In recent years, people’s financial resilience has been tested in new and unexpected ways, first through the pandemic and now by the rising cost of living. The importance of having a buffer of accessible savings has never been more apparent, and we continue to hear this in our conversations with workers and employers.
Of course, setting aside money for emergencies, or short- and medium-term goals, won’t be right, or even possible for everyone all of the time. That’s why it’s so important to conduct rigorous, real-world research to get the design right – giving people choice over whether to save and quick and easy access to those savings.
Last month, at our Emergency savings summit, it was fantastic to be able to reflect on the findings of our own and other’s research so far, and share understanding about what’s already possible and working well, and what might be needed to help these programmes scale.
We were lucky to be joined by the Minister for Pensions and Financial Inclusion, Guy Opperman, who opened the event with his own reflections on why this topic is so important. We then heard from Tim Flacke from Commonwealth about the evidence from Blackrock’s Emergency Savings Initiative in the US, and from Roxana Prisacaru about the broader research and evaluation work that the Money and Pensions Service has done. Jo Phillips also shared research from our sidecar savings trial about how actual users of the Jars savings tool are using and benefitting from it. It was incredibly powerful hearing these real-life stories.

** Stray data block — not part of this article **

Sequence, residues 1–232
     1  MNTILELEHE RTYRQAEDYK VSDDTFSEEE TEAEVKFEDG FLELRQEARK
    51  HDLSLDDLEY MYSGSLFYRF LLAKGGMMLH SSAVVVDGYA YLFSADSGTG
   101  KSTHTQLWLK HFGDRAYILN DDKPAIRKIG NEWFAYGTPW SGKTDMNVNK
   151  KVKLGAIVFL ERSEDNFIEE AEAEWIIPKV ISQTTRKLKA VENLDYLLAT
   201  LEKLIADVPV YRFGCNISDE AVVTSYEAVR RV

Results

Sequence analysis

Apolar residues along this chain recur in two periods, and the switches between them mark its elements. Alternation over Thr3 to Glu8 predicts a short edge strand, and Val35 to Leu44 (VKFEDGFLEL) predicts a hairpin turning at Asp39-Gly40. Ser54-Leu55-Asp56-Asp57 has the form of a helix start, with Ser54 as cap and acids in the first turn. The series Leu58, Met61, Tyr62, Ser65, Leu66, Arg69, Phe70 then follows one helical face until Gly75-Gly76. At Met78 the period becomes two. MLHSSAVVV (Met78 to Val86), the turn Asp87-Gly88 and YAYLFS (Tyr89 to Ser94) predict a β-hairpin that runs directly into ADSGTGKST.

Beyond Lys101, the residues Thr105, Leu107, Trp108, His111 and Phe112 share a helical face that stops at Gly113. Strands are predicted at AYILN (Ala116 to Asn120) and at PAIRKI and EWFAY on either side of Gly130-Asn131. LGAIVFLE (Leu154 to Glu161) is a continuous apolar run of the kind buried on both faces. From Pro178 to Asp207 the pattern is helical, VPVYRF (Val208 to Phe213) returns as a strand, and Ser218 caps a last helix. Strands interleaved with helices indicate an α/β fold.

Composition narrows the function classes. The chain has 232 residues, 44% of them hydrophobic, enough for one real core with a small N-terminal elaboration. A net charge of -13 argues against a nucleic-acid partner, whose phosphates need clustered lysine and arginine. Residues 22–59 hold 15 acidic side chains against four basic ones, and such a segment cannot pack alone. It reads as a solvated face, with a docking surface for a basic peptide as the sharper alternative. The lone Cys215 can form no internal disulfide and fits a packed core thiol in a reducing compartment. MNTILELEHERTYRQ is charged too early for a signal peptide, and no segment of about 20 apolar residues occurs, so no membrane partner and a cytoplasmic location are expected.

Next, we turned our focus to employers and savings providers, and it was brilliant to hear first-hand from Bupa, incuto, Salary Finance and Fair4All Finance. There’s great enthusiasm for initiatives designed to improve financial wellbeing, but there are barriers for employers and providers wanting to innovate in this space. Some are concerned that most current models for these tools see too limited a level of take-up. Thankfully, there are positive signs from our research that opt-out models may address this. At the event, we heard from the University of Lincoln and SUEZ who have both implemented autosave approaches. Initial figures from our research trial with SUEZ suggest that this approach could be a real game-changer, with participation rates currently at over 40%. Autosave approaches do however come with significantly more legal and regulatory uncertainty and addressing these barriers will be a critical objective of further work in this space.
We’re tremendously excited about our ongoing work in this area, including the extension of our partnership with Blackrock which will allow us to explore many of the day’s topics in more depth over the coming years. If you missed any of the day’s sessions, they’re available to watch on our YouTube channel and all of our workplace emergency savings research is available in our library.
Will Sandbrook, Managing Director of Nest Insight